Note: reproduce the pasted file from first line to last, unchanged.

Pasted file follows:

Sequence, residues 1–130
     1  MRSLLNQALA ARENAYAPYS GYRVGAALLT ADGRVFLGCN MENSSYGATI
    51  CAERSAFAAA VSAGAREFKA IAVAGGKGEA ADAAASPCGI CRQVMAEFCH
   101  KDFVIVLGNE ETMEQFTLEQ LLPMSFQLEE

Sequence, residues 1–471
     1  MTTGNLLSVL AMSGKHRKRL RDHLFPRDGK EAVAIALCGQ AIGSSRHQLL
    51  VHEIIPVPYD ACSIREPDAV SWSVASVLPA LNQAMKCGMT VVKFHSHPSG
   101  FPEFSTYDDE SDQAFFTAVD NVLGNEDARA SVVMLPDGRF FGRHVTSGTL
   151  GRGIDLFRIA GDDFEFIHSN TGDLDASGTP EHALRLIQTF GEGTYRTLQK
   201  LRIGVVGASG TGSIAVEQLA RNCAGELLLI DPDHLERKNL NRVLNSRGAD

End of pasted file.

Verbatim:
Sequence, residues 1–130
     1  MRSLLNQALA ARENAYAPYS GYRVGAALLT ADGRVFLGCN MENSSYGATI
    51  CAERSAFAAA VSAGAREFKA IAVAGGKGEA ADAAASPCGI CRQVMAEFCH
   101  KDFVIVLGNE ETMEQFTLEQ LLPMSFQLEE

Sequence, residues 1–471
     1  MTTGNLLSVL AMSGKHRKRL RDHLFPRDGK EAVAIALCGQ AIGSSRHQLL
    51  VHEIIPVPYD ACSIREPDAV SWSVASVLPA LNQAMKCGMT VVKFHSHPSG
   101  FPEFSTYDDE SDQAFFTAVD NVLGNEDARA SVVMLPDGRF FGRHVTSGTL
   151  GRGIDLFRIA GDDFEFIHSN TGDLDASGTP EHALRLIQTF GEGTYRTLQK
   201  LRIGVVGASG TGSIAVEQLA RNCAGELLLI DPDHLERKNL NRVLNSRGAD